Hours before Mr. Trump spoke to the nation, the Mexican government announced a plan to post guards at 370 “illegal crossing points” along its border with Guatemala to prevent more migrant “caravans” from entering the country. An increased frequency of caravans from Guatemala, Honduras and El Salvador have added to border tensions.

The president will follow up his speech with a visit Thursday to the U.S.-Mexico border. In McAllen, Texas, he will demonstrate the need for a border barrier and meet with people “on the front lines of the national security and humanitarian crisis,” said White House press secretary Sarah Huckabee Sanders.

Mr. Pence said border security isn’t a partisan issue, and he and other administration officials have emphasized the humanitarian component. About 50 people a day who cross the border illegally require hospitalization, administration officials said.

“This isn’t about base; this is about the American people,” Mr. Pence told reporters Monday. “This is about human trafficking. This is about a humanitarian crisis. This is about the flow of illegal drugs, illegal immigration and the president’s determination to address that issue with action and with resources.”

But Democrats know that Mr. Trump’s failure to deliver on his campaign promise to build a wall would hurt his re-election chances next year.

Sen. Kamala D. Harris, California Democrat and a potential 2020 presidential contender, referred to the wall Tuesday as Mr. Trump’s “vanity project.”

Border Patrol officials have said their job would be easier with fencing or some other type of barrier rather than a solid concrete wall. In the past few weeks, Mr. Trump has shifted his rhetoric from a wall to building a barrier of “steel slats.”

Senate Majority Leader Mitch McConnell, Kentucky Republican, noted Tuesday that many Democrats, including then-Sen. Barack Obama, have voted in the past to build hundreds of miles of physical barriers along the southwestern border.

“Maybe the Democratic Party was for secure borders before they were against them,” Mr. McConnell said. “It’s just political spite, a partisan tantrum being prioritized over the public interest.”

Administration officials say the illegal movement of people, drugs and weapons across the border has reached a crisis point.

In 2016, President Obama’s last full fiscal year in office, apprehensions on the southwestern border totaled 408,870. Apprehensions declined to 303,916 in fiscal 2017, which included about eight months under Mr. Trump. The peak was 1.6 million border apprehensions in 2000.

In fiscal 2018, Mr. Trump’s first full fiscal year, U.S. Customs and Border Protection apprehensions rose to 396,579.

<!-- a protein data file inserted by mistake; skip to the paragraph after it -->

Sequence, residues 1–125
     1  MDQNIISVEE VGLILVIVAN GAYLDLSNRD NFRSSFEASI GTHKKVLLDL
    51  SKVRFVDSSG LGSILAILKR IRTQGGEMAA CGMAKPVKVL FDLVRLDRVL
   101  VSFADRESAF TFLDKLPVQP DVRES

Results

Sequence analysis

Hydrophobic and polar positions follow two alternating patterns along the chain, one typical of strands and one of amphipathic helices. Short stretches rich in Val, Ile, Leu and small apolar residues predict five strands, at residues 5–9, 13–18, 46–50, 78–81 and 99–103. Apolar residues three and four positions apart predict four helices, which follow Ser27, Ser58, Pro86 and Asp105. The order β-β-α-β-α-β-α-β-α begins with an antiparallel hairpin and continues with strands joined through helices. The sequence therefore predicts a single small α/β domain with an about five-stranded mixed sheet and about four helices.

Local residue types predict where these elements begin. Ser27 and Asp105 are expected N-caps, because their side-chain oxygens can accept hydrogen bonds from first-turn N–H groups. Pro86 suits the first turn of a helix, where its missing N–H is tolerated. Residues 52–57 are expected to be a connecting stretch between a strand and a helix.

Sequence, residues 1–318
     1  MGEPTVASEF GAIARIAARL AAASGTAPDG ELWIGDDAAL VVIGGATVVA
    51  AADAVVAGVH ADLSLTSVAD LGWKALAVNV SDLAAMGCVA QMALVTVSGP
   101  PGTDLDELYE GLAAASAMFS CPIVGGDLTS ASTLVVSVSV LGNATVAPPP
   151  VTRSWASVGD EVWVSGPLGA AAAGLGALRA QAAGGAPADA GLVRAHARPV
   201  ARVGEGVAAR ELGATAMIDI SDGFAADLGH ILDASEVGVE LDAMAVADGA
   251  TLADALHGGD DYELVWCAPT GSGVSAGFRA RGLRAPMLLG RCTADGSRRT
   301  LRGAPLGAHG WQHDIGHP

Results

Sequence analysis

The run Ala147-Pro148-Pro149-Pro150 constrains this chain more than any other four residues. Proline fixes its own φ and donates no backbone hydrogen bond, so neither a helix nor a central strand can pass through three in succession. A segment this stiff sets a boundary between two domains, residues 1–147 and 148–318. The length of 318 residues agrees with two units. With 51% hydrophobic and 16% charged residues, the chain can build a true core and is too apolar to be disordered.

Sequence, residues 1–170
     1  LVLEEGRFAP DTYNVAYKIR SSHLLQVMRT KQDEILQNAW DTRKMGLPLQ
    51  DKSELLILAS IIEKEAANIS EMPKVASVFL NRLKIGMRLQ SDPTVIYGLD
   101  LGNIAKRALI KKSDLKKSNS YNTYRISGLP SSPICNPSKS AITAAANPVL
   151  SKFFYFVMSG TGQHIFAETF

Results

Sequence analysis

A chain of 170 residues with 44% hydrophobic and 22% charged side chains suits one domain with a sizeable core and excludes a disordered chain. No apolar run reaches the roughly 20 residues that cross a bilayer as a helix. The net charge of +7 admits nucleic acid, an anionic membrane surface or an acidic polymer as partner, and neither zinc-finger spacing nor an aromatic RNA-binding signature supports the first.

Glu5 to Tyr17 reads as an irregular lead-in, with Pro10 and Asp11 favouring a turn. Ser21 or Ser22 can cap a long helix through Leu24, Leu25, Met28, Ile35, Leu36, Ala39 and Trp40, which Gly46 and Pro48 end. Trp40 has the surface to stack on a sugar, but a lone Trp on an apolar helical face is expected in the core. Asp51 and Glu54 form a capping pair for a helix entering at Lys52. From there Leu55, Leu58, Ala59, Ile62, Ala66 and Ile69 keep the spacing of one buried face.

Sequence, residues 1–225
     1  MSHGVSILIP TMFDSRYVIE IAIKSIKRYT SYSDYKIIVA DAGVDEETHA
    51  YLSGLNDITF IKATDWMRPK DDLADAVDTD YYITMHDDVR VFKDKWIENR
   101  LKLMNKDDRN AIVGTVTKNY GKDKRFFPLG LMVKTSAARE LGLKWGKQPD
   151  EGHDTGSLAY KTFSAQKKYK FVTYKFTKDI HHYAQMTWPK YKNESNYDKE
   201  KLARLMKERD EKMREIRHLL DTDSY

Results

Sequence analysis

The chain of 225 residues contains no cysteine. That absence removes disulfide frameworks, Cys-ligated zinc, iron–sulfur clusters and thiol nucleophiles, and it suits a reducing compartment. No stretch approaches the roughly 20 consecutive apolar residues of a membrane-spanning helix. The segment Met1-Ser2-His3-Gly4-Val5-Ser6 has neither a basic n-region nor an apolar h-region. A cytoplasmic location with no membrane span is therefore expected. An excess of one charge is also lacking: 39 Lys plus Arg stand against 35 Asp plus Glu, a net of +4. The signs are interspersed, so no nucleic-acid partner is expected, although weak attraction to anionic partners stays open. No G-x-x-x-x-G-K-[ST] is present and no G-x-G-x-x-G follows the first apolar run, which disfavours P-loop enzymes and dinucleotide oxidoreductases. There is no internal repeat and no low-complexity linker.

Homeland Security Department officials say the problem has worsened significantly in the past year because of a rise in the number of unaccompanied children and families crossing the border. Detention facilities traditionally have not been equipped to handle large numbers of children.

Congressional Democratic leaders have refused to negotiate border security matters with the White House until the president agrees to reopen the government. House Democrats, now in the majority, hope to pressure Mr. Trump and congressional Republicans to approve several bills this week to fund the departments that have been closed since late December.

But the shutdown, now the second-longest in history, is likely to continue through at least the remainder of this week. Majority Republicans in the Senate say they won’t vote on any spending bills that Mr. Trump would reject.

If the government remains closed through Saturday, then the impasse will eclipse the 21-day shutdown of 1995-96 as the longest ever, although the episode during the Clinton administration involved the entire government. The current shutdown affects just nine departments comprising about one-fourth of the federal government.

About 800,000 federal workers are either on furlough or are working without pay during the shutdown.

Although the vice president said the border crisis isn’t a partisan issue, the Trump-Pence re-election campaign sent a fundraising email Tuesday to capitalize from the president’s national prime-time address. The email under Mr. Trump’s name asks supporters to donate to his “Official Secure the Border Fund” through the Trump Make America Great Again Committee, with a goal is $500,000.

“I want to know who stood with me when it mattered most so I’ve asked my team to send me a list of EVERY AMERICAN PATRIOT who donates to the Official Secure the Border Fund,” the email states. “Please make a special contribution of $5 by 9 PM EST to our Official Secure the Border Fund to have your name sent to me after my speech.”

Mr. Trump added, “I wouldn’t be speaking to you tonight if this wasn’t one of the most critical times in the history of our country. I need you to step up.”